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Facebook shuts down hemp pages just days after Trump signs Farm Bill

Katie Moyer of Kentucky Hemp Works, left, with Tourism Commissioner Kristen Branscum in a greenhouse full of hemp plants during the 2017 solar eclipse.
Katie Moyer of Kentucky Hemp Works, left, with Tourism Commissioner Kristen Branscum in a greenhouse full of hemp plants during the 2017 solar eclipse.

Hemp is booming in Kentucky and elsewhere but still struggling on social media.

On Dec. 20, President Trump signed the 2018 Farm Bill to legalize hemp, but Facebook apparently didn’t get the memo.

Overnight on Dec. 24 Facebook took down the Kentucky Hemp Works page for promoting the sale of “prescription pharmaceuticals.”

Owner Katie Moyer said that she immediately appealed the action but Facebook sent her a response saying that it had reviewed the page and “confirmed that it still violates the Facebook Page Polices.”

Lexington attorney Jonathan Miller, who is general counsel for the U.S. Hemp Roundtable, said this has happened over the last six years to several hemp-related businesses on Facebook. And there probably isn’t anything that can be done.

“Where we have seen a consistent issue is on the advertising side, where companies have tried to sell products and been rejected. I’m told marijuana companies have had fewer problems,” Miller said. “We’ve been hoping the passage of the Farm Bill would change that, because now it takes away the underlying argument that it violates the Controlled Substances Act.”

Often, Miller said, Instagram and Twitter will follow Facebook’s lead and cut off companies, too, often with little explanation other than an implication that “they are doing something illegal.”

No company is supposed to tout specific medical or veterinary benefits from hemp products, which are supplements and not regulated by the FDA.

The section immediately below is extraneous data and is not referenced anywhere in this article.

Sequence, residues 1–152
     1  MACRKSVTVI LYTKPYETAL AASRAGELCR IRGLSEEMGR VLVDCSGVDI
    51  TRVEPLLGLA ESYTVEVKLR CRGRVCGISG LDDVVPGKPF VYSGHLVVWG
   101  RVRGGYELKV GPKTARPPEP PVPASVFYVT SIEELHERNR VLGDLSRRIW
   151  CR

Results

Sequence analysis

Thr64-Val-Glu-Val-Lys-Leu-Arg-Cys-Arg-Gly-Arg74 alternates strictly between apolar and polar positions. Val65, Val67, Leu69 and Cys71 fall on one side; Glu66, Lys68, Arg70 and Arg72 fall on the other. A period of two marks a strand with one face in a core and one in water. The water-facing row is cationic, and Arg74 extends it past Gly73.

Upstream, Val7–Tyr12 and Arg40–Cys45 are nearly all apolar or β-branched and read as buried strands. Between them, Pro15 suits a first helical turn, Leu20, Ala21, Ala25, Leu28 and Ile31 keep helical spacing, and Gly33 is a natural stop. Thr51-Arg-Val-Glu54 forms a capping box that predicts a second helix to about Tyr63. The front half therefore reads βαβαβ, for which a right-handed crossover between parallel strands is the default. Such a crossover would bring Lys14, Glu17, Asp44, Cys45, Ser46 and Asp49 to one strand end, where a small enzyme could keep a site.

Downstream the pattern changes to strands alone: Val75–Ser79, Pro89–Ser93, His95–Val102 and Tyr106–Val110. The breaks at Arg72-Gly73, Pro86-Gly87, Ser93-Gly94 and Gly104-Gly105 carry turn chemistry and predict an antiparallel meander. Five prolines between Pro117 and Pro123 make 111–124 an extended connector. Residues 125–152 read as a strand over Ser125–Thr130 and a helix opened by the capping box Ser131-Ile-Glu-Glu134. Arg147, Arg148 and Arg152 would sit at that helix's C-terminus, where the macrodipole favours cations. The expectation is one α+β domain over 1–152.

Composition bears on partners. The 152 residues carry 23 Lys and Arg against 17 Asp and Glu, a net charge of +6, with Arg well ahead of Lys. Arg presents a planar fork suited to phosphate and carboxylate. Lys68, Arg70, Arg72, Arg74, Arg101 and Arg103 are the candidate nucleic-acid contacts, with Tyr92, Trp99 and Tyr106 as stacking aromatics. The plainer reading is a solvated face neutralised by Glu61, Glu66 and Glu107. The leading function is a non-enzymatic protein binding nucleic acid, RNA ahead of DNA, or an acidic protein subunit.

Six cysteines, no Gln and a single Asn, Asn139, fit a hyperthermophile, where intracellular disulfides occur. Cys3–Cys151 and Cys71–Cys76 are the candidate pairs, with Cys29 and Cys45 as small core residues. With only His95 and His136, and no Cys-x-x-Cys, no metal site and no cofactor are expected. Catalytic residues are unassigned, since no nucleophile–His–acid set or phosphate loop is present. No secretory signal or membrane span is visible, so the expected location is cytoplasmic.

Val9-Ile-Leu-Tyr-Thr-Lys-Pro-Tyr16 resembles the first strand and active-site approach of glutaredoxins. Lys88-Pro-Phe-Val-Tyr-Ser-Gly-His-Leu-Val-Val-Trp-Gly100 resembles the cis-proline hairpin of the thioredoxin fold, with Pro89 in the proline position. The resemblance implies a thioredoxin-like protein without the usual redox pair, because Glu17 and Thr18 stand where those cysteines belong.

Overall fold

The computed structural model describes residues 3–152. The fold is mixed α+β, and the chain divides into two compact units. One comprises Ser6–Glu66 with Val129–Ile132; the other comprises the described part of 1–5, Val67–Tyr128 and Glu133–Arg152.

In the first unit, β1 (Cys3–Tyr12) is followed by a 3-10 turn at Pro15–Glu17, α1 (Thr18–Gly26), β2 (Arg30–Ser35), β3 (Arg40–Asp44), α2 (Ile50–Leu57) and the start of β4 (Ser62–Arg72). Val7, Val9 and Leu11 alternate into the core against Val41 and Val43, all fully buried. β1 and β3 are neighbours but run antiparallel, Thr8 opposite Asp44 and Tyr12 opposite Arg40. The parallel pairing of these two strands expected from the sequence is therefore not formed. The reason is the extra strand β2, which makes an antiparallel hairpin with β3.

Moyer, who processes hemp on a farm in Christian County and sells cannabidiol drops, hemp root salve, hemp protein powder, hemp seed oil and more, said she’s always very careful not to make medical claims.

“It’s not going to slow us down too much, still selling wholesalers and direct to customers and still producing product,” Moyer said. “But it stings pretty bad to know years of work is just gone with the press of a button.”

At least two other hemp sites, Toledo Hemp Center and Carolina Hemp Company, also apparently were taken off of Facebook.

Moyer said she’s disappointed to lose contact with the business’s 5,600 followers.

“We really had a very close relationship with our followers. We’re very personal with them,” she said. For instance, when the farmer who grows the hemp rescued some nearly frozen kittens, Moyer posted photos on the page.

Now that they are finally ready to find homes for them, she’s had to resort to stealthier measures.

On Wednesday she set up a new Facebook page: Not Kentucky Hemp Works.

“What’s up 0 followers!!!! Welcome to our page, Not Kentucky Hemp Works. We are actually Not Kentucky Hemp Works. We’ve never heard of Kentucky Hemp Works so don’t act like we are. Never heard of em,” she posted.

Some of her followers seem to have caught on but will Facebook?

“I put sunglasses on our logo, so they can’t tell it’s us,” Moyer said. She also put sunglasses on the kittens, just for good measure.

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